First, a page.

Overview of esophageal cancer
Authors: Ghulam Abbas, Mark Krasna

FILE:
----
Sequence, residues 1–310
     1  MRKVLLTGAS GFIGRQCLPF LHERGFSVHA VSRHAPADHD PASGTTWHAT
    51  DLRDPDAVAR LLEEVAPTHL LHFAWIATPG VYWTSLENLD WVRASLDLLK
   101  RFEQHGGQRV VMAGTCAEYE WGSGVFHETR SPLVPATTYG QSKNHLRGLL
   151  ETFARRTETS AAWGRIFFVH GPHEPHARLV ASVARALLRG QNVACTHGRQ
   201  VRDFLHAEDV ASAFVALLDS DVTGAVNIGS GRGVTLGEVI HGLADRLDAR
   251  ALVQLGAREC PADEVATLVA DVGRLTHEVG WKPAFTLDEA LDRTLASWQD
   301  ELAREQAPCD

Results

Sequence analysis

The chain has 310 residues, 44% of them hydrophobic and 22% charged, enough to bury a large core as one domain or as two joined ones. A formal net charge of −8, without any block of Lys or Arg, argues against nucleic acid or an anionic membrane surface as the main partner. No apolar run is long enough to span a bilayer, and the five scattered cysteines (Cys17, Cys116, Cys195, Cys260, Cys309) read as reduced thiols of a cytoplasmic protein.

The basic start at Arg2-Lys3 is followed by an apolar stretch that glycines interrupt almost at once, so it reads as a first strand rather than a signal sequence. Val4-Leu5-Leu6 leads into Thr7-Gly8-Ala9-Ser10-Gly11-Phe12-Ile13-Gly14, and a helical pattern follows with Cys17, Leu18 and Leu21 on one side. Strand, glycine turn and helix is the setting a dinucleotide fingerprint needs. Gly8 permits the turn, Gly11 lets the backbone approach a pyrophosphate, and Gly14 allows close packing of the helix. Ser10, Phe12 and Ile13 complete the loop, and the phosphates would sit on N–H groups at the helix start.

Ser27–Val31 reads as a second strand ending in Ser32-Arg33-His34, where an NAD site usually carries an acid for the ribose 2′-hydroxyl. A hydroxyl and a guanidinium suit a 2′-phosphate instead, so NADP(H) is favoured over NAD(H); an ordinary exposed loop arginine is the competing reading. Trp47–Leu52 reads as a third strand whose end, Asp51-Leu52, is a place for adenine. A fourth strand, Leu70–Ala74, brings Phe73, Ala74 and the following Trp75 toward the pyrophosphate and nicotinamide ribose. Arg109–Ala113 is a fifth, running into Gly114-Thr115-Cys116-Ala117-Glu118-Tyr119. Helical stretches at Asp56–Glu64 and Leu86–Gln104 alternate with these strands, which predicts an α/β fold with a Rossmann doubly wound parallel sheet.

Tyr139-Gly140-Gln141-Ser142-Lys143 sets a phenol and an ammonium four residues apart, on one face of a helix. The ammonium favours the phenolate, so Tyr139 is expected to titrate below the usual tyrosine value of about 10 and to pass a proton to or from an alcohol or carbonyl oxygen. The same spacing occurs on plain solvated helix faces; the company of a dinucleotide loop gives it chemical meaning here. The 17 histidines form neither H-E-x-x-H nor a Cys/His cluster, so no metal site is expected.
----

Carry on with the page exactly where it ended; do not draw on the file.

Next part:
Esophageal cancer is a male-dominant aggressive malignancy and a leading cause of cancer-related mortality worldwide. Squamous cell carcinoma and adenocarcinoma are the two predominant histological subtypes with varying geographical and racial distribution. Globally, squamous cell carcinoma remains the most common histological type. In Western countries, however, adenocarcinoma has become the leading histological subtype, corresponding to a rise in the incidence of obesity, gastro-esophageal reflux disease and Barrett’s esophagus. The risk of esophageal adenocarcinoma conferred by Barrett’s esophagus depends on factors such as genomic instability, race and gender of the patient. Treatment requires a multidisciplinary team approach and optimal therapy is still debated. Endoscopic therapies, including radiofrequency ablation, endoscopic mucosal resection and endoscopic sub mucosal dissection, have become the standard treatment modality for Barrett’s esophagus and early carcinoma. Multimodal treatment, which includes chemotherapy, radiation therapy followed by surgical resection or without surgical resection, in varying orders remains the main mode of treatment for most patients. Minimally invasive surgical approaches have become the standard for esophagectomy and the current literature has demonstrated similar oncological outcomes with reduced morbidity. Recently, there has been a modest improvement in the overall survival of patients with esophageal cancer.